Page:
December 9, 2015

Star Trek: The Next Generation: "First Contact"

It's 18 February 1991, and time for more Star Trek: The Next Generation.

On the planet Malcor III, a man is rushed to hospital after an industrial accident. When the doctors examine him, they discover freakish aberrations in his body: organs in the wrong place, extra fingers on his hands, plus evidence of cosmetic surgery on his face. It is clear he is not a Malcorian, and before long it is discovered that aliens from another planet have been hiding in plain sight among them.

"First Contact" is a comparatively unique episode of Star Trek. While the concept of the Federation making first contact with alien civilizations on the verge of interstellar travel had been explored before, "First Contact" presents it almost entirely from the point of view of the aliens being contacted. We see the Next Generation regulars during the episode, but we see them through the eyes of the guest characters. It allows the episode to make a striking impact, and demonstrate just how shocking the unheralded arrival of the USS Enterprise might be.

The Malcorians are a deliberately familiar people, basically resembling 20th century Earth with some additional nostrils and funny hands. They're not quite the same of course, since they appear to have a global government and a unified culture - or, at least, we're never given the opportunity to see anything beyond one of their dominant nations. There's some nice culture detail dropped in around the edges of the episode: while their space program is about to expand into faster-than-light travel, there's a growing conservative voice that demands they pull back from scientific advancements and stick to an old-fashioned way of life. That resonates pretty well as a reflection of our own culture, even more than 20 years after the episode was made. That the Malcorian leadership ultimately refuses to make first contact with the Federation is a slightly surprising, but dramatically effective conclusion.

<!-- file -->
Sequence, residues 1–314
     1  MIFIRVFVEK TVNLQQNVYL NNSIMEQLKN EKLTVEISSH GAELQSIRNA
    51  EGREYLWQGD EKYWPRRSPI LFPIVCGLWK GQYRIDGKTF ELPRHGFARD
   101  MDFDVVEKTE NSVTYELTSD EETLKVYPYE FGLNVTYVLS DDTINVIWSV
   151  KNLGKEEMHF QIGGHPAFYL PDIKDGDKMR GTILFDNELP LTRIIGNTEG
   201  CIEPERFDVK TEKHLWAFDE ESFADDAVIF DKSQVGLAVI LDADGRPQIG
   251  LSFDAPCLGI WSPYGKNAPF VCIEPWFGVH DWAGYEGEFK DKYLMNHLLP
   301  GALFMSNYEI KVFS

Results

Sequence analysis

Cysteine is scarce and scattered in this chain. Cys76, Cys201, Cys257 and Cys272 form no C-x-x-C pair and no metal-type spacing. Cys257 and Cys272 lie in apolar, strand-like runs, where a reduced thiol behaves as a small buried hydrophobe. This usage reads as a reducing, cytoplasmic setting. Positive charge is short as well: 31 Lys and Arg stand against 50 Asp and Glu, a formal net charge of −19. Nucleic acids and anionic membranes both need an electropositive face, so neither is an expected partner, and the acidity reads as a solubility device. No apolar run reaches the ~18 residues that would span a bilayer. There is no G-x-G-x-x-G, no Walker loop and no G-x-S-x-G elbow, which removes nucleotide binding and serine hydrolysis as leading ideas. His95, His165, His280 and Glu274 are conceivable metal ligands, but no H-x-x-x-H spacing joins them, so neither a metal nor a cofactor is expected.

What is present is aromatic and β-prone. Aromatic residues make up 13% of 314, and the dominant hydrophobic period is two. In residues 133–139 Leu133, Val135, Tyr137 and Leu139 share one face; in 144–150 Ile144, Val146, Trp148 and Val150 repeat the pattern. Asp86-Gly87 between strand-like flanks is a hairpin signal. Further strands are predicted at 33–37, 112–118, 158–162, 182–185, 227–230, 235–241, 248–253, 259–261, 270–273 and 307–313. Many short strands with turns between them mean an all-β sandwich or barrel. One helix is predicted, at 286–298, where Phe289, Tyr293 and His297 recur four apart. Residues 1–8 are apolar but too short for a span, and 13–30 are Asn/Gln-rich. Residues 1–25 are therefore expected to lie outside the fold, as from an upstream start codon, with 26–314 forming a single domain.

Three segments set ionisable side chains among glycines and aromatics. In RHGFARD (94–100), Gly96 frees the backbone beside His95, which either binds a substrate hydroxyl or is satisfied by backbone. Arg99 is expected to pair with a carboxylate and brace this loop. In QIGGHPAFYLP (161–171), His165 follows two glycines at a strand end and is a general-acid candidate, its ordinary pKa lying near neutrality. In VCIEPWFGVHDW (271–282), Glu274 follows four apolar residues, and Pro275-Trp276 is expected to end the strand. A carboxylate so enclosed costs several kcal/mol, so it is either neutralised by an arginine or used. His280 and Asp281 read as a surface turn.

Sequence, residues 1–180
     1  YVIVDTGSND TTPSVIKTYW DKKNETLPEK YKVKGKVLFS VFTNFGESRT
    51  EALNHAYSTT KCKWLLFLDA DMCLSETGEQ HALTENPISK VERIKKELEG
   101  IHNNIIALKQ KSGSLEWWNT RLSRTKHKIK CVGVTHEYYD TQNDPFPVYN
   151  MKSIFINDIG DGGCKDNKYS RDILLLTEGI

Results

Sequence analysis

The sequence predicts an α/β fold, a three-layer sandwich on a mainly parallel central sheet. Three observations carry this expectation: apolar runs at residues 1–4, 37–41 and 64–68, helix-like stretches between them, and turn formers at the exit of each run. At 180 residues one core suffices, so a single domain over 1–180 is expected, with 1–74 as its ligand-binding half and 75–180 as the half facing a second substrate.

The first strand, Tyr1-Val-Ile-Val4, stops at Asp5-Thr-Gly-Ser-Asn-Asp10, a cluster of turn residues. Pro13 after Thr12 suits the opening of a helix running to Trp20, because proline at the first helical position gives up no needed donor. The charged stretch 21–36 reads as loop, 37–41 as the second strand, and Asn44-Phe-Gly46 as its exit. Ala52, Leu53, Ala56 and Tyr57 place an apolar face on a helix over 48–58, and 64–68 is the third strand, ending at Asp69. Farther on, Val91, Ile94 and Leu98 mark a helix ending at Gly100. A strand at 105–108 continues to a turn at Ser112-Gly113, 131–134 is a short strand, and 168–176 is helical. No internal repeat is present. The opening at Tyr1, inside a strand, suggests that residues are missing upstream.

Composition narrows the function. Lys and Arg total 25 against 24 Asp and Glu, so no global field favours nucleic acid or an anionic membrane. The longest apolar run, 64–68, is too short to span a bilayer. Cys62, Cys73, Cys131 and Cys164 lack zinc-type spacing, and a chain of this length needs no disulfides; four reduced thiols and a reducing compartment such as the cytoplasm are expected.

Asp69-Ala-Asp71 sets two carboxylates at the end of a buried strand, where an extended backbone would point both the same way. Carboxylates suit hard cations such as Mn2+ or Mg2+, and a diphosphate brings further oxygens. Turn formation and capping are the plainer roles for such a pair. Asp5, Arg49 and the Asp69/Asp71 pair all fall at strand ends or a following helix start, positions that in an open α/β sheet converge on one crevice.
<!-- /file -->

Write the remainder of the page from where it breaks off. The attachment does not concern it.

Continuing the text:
The voice of the left-wing, outward-focused part of society is Carolyn Seymour (Survivors) as Mirasta. She's desperate to explore the universe, and the arrival of Captain Picard (Patrick Stewart) and Counselor Troi (Marina Sirtis) in her laboratory is a dream come true. Seymour performs the role well, making Mirasta a very believable idealist. The use of Picard and Troi as the ones to formally make first contact also feels very believable - it's one of the best uses the series has made for Troi's role and character.

Less convincing is Michael Ensign as the paranoid and duplicitous security chief Krola, who immediately assumes the Enterprise's arrival is a pretext for invasion. While it's good to have him there to balance Mirasta's point of view, his comes across as a shrill and antagonistic knee-jerk response. It was always going to be a difficult character to write, since as viewers we know the Federation is a largely benevolent, cooperative civilization, but it could definitely have been a lot more subtle and rounded.

In the middle is George Coe as Chancellor Durken, the planetary head of state who spends most of the episode talking and negotiating with Picard. It's a great set of scenes, and Coe makes Durken a very sympathetic and understandable man. There's a nice moment of continuity where Picard shares with Durken the bottle of wine he received from his brother back in "Family": Picard promised then not to drink it alone, and he makes good on that promise here.

Despite spending most of the episode semi-conscious in a hospital bed, Commander Riker actually gets some great material. He's famously confronted by one of the Malcorian doctors, played by Cheers star Bebe Neuwirth, who offers her help in return for the chance to make love to an alien. Jonathan Frakes' awkward response is some of the best comic acting The Next Generation has had, and it plays cleverly on Riker's well-established lothario personality.

While a few moments feel unnatural and clunky, overall this is an unexpected and very satisfying episode. It's the sort of thing Star Trek can only really do sparingly - a similar story was attempted some years later in Star Trek: Voyager - but when it's done it is highly welcome. This is the 11th good episode out of 15 thus far, giving Season 4 a quality ratio of 73 per cent.

One final observation: it's odd that the Malcorians refer to their own planet as Malcor III. It's the sort of name that comes up in Star Trek all the time, but usually because a star system is colonised and the planets are all named at once. It seems weird that the Malcorians wouldn't have a name for their own world, like we call ours Earth - and not Sol III.

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